Rourk didn’t even know her name, but he knew he’d never seen anyone so magnificent in his life. Her wavy hair glistened in the sunlight. She had a delicate, round face with large, blue-green eyes and full lips. With her cheeks flushed from the cold fall air, she reminded him of a porcelain doll. He knew that her looks deceived; her bold, daring eyes gave her away. She constantly observed her surroundings. Rourk smiled to himself; soon they would be together.
Julia Crane (Coexist (Keegan's Chronicles, #1))
Being always transcends appearance---that which only seems to be. Once you begin to know the being behind the very pretty or very ugly face, as determined by your bias, the surface appearances fade away until they simply no longer matter.
William Paul Young (The Shack)
There be also many wicked men that have the comeliness of a beautiful countenance, and it seemeth that nature hath so shaped them because they may be the readier to deceive, and that this amiable look were like a bait that covereth the hook.
Thomas Hoby (The Book of the Courtier)
In the years to come they would replay this scene in their heads. As children. As teenagers. As adults. Had they been deceived into doing what they did? Had they been tricked into condemnation? In a way, yes. But it wasn’t as simple as that. They both knew that they had been given a choice. And how quick they had been in the choosing it! They hadn’t given it more than a second of thought before they looked up and said (not together, but almost) “Save Ammu.” Save us. Save our mother. (302)
Arundhati Roy (The God of Small Things)
Why keep talking about all that? And that is what they usually say today, those who did not themselves suffer, who were themselves the executioners, or who have washed their hands of it, or who put on an innocent expression: Why remember all that? Why rake over old wounds? (Their wounds!!) Lev Tolstoi had an answer for that - to Birukov: "What do you mean, why remember? If I have had a terrible illness, and I have succeeded in recovering from it and been cleansed of it, I will always remember gladly. The only time I will refuse to remember is when I am still ill and have got worse, and when I wish to deceive myself. If we remember the old and look it straight in the face, then our new and present violence will also disclose itself.
Alexander Solschenizyn (The Gulag Archipelago 1918–1956 (Abridged))
He swept her off the bench. “Bitch! Never!” He held her, found the soft coral mouth and kissed her; bruised her lips with his, waiting for the final blackout. The concussion never came. “Tricked!” he exclaimed. She laughed. He kissed her again and at last forced himself to release her. She gasped for breath, then laughed again, her coral eyes blazing. “It’s over,” she said. “It hasn’t begun yet.” “What d’you mean?” “The war between us.” “Make it a human war,” she said fiercely. “You’re the first not to be deceived by my looks. Oh God! The boredom of the chivalrous knights and their milk-warm passion for the fairy tale princess. But I’m not like that…inside. I’m not. I’m not. Never. Make it a savage war between us. Don’t win me…destroy me!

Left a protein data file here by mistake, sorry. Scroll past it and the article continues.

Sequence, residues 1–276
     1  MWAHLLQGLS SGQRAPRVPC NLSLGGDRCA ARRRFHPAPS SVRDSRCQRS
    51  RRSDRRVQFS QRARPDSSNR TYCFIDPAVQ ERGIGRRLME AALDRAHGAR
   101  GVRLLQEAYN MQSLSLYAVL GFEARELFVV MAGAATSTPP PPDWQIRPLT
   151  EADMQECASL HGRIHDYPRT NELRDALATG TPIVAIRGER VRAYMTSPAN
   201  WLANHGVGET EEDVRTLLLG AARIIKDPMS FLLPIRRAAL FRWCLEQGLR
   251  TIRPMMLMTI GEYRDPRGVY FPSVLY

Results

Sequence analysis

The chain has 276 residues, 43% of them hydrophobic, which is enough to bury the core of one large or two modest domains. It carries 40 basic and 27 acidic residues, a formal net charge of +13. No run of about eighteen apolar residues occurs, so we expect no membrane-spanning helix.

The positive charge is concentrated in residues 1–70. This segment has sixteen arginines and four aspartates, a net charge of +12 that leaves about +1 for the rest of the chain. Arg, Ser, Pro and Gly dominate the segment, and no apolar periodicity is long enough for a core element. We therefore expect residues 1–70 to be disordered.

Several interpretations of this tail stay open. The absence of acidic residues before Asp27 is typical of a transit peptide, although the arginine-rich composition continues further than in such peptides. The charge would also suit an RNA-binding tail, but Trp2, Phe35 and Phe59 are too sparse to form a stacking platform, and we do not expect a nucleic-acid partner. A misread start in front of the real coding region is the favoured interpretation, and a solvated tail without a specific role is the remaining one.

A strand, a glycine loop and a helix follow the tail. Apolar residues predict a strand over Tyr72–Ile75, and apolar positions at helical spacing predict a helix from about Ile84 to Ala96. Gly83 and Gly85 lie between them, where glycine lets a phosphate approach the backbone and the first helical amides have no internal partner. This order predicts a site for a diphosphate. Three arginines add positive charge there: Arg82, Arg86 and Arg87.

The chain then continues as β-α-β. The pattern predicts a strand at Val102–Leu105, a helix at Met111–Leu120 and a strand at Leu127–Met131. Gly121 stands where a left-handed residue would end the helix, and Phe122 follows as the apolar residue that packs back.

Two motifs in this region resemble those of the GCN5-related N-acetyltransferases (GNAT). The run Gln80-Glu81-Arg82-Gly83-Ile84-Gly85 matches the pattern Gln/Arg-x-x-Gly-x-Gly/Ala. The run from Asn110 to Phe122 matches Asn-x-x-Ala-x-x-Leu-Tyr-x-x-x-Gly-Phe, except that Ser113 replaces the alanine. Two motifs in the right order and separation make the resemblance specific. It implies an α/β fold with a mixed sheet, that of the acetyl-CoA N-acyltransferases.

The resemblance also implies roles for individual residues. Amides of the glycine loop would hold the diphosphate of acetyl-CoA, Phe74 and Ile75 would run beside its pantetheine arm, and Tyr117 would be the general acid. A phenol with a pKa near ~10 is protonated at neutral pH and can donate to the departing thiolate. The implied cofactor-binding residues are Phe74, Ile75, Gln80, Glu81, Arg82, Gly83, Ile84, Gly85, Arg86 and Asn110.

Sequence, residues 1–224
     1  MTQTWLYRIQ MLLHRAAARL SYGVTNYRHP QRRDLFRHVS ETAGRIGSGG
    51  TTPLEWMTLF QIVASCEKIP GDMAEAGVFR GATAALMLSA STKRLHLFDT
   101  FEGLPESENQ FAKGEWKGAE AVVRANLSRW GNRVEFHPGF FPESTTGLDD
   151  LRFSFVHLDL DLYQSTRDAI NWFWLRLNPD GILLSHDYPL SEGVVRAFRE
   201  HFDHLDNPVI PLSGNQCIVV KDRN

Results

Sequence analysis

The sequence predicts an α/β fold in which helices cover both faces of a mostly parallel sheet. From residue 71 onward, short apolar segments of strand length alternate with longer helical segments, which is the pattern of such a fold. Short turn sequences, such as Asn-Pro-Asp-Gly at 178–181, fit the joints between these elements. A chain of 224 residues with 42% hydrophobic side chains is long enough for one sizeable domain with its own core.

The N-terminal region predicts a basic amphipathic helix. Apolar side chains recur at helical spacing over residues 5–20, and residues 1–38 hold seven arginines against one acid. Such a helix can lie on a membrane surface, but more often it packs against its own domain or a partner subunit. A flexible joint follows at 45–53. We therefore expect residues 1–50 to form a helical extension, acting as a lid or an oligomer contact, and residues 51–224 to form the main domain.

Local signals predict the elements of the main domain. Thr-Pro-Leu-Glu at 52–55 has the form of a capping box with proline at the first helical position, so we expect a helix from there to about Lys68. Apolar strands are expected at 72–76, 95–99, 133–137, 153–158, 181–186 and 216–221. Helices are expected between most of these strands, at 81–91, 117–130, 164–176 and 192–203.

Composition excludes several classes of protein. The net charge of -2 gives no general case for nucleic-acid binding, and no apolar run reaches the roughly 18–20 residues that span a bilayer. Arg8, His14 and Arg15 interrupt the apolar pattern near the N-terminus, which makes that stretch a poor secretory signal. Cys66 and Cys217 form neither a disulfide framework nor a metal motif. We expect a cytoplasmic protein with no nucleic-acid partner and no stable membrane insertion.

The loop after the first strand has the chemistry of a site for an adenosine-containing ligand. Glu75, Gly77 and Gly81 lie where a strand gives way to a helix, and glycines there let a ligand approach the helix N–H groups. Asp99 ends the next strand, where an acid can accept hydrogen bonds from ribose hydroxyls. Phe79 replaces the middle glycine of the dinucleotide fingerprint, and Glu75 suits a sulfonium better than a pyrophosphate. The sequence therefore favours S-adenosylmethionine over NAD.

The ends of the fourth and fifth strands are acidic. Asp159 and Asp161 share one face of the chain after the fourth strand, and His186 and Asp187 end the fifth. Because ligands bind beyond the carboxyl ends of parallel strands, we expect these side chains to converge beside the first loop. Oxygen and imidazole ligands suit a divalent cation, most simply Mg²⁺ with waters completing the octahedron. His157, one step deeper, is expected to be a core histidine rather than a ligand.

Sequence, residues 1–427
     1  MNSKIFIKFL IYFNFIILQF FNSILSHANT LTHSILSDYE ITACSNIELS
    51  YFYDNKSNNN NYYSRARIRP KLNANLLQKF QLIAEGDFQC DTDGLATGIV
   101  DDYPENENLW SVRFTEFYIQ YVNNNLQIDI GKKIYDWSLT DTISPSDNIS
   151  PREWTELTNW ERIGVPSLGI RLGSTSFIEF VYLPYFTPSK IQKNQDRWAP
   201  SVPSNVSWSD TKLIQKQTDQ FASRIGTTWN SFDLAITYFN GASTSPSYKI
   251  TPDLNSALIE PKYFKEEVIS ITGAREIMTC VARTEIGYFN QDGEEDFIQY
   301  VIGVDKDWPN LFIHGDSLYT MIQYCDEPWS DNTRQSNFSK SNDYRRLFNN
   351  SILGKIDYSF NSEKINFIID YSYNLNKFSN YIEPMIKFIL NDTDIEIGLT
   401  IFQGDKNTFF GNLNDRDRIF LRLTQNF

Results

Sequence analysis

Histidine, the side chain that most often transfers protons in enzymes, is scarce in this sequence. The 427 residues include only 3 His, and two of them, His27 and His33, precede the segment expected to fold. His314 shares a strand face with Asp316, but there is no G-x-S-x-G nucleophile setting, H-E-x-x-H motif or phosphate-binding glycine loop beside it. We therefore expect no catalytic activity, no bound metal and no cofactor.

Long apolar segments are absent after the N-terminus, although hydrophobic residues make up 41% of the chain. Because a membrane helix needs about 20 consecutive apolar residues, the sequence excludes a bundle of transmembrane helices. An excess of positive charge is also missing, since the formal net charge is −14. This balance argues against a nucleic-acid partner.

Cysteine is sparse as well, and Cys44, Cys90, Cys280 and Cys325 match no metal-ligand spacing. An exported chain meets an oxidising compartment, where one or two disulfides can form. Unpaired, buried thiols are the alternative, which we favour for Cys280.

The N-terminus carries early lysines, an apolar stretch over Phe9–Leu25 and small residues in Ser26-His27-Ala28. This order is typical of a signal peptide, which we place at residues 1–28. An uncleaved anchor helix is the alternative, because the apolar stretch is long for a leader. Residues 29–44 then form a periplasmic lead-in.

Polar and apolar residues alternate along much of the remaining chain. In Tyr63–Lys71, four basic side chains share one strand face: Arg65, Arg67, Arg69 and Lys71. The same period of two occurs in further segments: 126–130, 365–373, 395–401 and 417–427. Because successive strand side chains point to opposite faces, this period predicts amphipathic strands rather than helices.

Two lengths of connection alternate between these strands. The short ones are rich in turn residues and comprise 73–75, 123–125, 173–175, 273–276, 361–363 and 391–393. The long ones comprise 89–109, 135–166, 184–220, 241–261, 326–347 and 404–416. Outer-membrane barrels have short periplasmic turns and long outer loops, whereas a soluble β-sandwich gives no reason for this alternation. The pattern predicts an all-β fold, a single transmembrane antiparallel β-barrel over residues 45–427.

Alfred Bester (The Stars My Destination)
C. S. Lewis, in The Screwtape Letters, writes imaginary correspondence between an old devil, Screwtape, and a young demon named Wormwood whom Screwtape is mentoring. At the end of one of those letters, Screwtape writes, "Do not be deceived, Wormwood. Our cause is never more in danger than when a human, no longer desiring, but still intending, to do our Enemy's will, looks round upon a universe from which every trace of Him seems to have vanished, and asks why he has been forsaken, and still obeys.
Ken Gire (The North Face of God)
Look, the world is an inherently unfair place. I didn't write the rules. It's always been that way. I have never once deceived Hatsumi. She knows I'm a shit and that she can leave me anytime she decides she can't take it. I told her that straight out.
Haruki Murakami (Norwegian Wood)
As for what concerns me in particular I have only in my life carried to an extreme what you have not dared to carry halfway, and what's more, you have taken your cowardice for good sense, and have found comfort in deceiving yourselves. So that perhaps, after all, there is more life in me than in you. Look into it more carefully! Why, we don't even know what living means now, what it is, and what it is called? Leave us alone without books and we shall be lost and in confusion at once. We shall not know what to join on to, what to cling to, what to love and what to hate, what to respect and what to despise. We are oppressed at being men--men with a real individual body and blood, we are ashamed of it, we think it a disgrace and try to contrive to be some sort of impossible generalised man. We are stillborn, and for generations past have been begotten, not by living fathers, and that suits us better and better. We are developing a taste for it. Soon we shall contrive to be born somehow from an idea.